At First It’s Rough, Then It’s Sweet
By Bill Gerdes
Brass Key may not be voted best dressed, but it makes up for it in personality
It looks like a derelict’s crash pad from the outside. Or a Lego house made by a 6-year-old who had only off-putting-faded-tan-bricks to work with. Or maybe it’s an old biker club from back in the day; perhaps the Mongols or the Angels cracked beers and skulls here once. Whatever it is the outer façade of the Brass Key Bar and Grill seems designed to repel customers, not attract them. And even out here in the nether regions of San Bernardino called Highland, it stands out as an unappealing eyesore.
Then one goes inside. The inside of the Brass Key is different. People laugh, talk and drink. All seems happy, convivial, fun. Premier League Soccer coexists happily with the KCAL 9 “News Team” on the spattering of TV’s that sit overhead the room. Our waitress is out of central casting: wise-cracking-seen-it-all-charmer with a heart of gold. Is the Brass Key a secret club? Does the outside function to keep away the uninitiated, the unhip, the outsider?
Probably not. But I’m relieved as hell after we walk through the doors. That has to be the emotion of most who walk into the Brass Key, that “oh, thank god” moment when you realize maybe this won’t be so terrible, that the worst you might have to face is a hangover, not a chain-whipping.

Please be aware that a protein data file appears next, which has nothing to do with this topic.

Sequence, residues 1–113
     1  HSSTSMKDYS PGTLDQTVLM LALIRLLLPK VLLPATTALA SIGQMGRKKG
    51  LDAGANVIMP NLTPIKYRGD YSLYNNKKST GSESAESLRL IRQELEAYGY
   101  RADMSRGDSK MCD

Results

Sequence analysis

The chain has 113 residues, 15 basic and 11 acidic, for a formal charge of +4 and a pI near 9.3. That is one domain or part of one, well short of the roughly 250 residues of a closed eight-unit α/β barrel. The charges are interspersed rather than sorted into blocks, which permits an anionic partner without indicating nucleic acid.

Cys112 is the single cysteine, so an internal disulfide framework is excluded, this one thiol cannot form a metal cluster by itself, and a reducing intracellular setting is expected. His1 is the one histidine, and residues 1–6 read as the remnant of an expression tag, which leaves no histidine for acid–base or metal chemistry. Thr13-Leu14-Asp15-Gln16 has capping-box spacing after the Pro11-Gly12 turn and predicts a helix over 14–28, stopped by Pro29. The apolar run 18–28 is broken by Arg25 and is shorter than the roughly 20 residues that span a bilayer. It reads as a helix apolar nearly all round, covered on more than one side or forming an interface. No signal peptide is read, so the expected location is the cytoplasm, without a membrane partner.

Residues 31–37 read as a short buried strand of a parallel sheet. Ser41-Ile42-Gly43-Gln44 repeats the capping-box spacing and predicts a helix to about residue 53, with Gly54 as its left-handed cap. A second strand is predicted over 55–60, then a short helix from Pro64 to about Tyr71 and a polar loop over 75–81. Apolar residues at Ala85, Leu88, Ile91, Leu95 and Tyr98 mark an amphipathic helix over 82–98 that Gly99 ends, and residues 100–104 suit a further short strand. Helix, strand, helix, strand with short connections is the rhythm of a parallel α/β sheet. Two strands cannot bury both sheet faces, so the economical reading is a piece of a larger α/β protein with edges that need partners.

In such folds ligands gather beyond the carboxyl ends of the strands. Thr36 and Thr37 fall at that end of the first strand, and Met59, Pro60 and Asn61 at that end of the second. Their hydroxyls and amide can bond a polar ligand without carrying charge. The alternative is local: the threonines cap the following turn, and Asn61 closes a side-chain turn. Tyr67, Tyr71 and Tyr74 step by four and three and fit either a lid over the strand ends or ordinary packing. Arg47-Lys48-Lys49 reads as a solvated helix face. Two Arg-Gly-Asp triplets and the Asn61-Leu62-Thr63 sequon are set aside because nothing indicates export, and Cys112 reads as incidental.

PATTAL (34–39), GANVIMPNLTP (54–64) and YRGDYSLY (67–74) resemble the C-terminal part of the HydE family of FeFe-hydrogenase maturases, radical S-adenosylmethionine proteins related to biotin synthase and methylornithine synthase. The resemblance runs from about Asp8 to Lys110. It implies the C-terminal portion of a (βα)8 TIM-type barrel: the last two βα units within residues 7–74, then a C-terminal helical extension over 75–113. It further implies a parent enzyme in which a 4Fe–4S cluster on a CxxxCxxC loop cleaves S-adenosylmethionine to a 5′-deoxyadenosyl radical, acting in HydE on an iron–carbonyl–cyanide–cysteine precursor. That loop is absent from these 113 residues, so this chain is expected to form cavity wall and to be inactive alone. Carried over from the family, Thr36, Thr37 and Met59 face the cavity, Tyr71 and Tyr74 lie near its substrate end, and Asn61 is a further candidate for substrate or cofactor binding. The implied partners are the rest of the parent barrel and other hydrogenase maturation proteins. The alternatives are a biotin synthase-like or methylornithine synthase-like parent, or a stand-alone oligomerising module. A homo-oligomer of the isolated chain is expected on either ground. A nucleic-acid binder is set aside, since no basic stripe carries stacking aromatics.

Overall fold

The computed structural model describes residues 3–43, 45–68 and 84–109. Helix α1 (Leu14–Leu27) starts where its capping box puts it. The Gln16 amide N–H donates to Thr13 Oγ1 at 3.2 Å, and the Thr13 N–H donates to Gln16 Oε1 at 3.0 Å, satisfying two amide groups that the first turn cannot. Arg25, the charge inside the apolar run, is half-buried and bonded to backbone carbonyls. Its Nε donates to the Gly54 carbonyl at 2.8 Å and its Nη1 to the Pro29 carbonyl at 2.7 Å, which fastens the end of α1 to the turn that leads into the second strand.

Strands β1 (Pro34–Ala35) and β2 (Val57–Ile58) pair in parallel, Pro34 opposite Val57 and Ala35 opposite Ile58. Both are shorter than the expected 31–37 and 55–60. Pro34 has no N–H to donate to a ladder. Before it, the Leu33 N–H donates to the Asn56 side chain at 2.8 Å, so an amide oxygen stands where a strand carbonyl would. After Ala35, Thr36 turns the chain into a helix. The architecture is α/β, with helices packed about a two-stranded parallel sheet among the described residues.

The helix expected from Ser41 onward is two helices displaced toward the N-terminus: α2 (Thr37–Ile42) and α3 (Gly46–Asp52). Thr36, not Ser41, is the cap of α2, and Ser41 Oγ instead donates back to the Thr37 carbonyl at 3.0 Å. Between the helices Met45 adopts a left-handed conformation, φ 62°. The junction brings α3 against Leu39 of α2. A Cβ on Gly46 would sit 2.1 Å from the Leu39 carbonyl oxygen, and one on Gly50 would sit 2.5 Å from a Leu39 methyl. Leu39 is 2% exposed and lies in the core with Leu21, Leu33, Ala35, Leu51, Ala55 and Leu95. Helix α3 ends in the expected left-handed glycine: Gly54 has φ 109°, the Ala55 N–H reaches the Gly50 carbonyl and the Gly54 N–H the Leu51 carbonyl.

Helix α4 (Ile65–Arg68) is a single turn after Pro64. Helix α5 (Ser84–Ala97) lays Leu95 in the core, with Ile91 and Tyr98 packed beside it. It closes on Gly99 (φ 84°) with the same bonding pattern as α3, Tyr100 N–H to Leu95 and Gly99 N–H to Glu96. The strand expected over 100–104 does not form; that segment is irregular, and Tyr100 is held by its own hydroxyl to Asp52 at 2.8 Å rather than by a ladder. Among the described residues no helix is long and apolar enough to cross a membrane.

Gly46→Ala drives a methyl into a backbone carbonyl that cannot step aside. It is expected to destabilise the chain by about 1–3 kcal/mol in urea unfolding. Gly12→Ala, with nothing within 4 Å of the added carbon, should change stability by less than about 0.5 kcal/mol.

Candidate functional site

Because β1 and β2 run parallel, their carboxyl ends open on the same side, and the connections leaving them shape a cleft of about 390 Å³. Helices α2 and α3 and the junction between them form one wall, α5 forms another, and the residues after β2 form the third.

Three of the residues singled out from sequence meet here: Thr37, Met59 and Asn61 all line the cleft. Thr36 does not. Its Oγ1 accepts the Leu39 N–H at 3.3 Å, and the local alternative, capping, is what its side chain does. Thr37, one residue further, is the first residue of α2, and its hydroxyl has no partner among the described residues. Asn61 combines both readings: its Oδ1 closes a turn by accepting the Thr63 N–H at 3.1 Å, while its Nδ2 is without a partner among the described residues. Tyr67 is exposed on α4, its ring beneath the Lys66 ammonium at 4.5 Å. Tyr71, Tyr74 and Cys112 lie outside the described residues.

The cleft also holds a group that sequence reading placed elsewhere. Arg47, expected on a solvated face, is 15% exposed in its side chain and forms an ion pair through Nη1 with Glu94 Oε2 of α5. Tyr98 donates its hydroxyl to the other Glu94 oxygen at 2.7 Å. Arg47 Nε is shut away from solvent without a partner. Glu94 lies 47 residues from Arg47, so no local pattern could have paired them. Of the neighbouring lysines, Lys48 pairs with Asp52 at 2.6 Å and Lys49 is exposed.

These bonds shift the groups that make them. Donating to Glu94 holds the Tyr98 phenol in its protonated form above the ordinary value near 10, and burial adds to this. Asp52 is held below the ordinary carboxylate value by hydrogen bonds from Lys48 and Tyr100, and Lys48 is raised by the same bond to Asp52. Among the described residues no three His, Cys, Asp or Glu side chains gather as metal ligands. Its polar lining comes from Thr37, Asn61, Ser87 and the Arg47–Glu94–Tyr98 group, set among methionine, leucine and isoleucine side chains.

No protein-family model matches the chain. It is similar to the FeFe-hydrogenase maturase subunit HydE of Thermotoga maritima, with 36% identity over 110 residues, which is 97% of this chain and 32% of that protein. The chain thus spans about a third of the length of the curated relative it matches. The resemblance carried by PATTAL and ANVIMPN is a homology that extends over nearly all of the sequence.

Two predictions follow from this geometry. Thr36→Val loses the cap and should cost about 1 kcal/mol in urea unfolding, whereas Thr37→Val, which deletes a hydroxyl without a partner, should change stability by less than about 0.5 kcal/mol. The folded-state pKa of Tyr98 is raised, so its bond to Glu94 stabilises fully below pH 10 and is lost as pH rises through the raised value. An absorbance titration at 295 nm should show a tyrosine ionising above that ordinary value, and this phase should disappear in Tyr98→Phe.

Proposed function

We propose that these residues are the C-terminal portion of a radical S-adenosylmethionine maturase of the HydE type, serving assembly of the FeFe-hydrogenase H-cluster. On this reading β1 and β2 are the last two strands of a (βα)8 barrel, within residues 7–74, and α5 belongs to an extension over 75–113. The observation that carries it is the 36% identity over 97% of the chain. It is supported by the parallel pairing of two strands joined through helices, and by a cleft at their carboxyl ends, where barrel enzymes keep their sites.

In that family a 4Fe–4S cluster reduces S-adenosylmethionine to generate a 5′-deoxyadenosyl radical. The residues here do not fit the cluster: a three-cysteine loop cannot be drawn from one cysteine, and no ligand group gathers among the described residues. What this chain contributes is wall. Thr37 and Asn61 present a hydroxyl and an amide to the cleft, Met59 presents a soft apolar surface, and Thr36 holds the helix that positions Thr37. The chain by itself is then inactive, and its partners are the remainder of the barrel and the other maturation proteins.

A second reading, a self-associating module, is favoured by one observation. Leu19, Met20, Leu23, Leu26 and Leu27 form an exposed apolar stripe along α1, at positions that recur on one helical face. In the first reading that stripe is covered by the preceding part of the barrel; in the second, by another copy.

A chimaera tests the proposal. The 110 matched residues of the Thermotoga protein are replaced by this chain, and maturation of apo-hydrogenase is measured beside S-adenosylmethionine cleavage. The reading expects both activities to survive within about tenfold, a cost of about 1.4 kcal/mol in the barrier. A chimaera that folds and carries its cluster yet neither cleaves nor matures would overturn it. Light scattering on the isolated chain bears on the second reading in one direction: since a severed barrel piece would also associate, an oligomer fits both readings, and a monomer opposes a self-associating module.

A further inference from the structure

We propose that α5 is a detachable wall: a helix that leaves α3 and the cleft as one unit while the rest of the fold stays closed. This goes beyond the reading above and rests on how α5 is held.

Now, so far the Brass Key may not sound like much, but it is fun, fun in a 1974, smoke, drink and eat too much sort of way. It skews older. If you go, you may be the only person who wasn’t alive in 74. If your local old-man bar has been overrun by hipsters soaking in its irony and asking why they don’t have Bon Iver on the Jukebox, run—don’t walk to the Brass Key. It’s cheap drinks, sailor tattoos and dark lighting.
The food? I’m not going to bullshit you—it’s okay bar food and well that’s fine right. Ketchup is not meant to be infused with mango. And sometimes a burger is just a burger. I started off with a house salad, which with its chopped tomatoes, shredded carrots and a solitary fresh beet was far better than the handful of bag-salad I was expecting. And the burgers are tasty, big on the beefsteak tomato, and large lettuce leaves—they’re the anti-$14 artisan burger that are popping up on menus everywhere. Some pricey burgers are worth it—at seven bucks this one certainly is.
I went for the Chicken Cordon Bleu (interesting, with a strange comfort-food quality) for two reasons: one it was fun to order an allegedly French dish in a place about as far from Lyon as I can imagine, and two it also was a huge dish in the ’70s. And the Brass Key is the ’70s, except for the soccer, and the Boca burger and spinach salad with goat cheese on the menu. They’ve got beer buckets and drink specials and food specials I didn’t pay attention to cause I was checking out the bar action. The Brass Key won’t make any top-10 dining list, but it’s still bitchin‘.
Brass Key Bar & Grill, 2649 Highland Ave. Highland, (909) 863-7782; www.brasskeybarandgrill.com. Mon-Tue and Sat, 11am-2pm; Wed-Fri, 11am-12am; Sun, 10am-6pm. D, MC, V.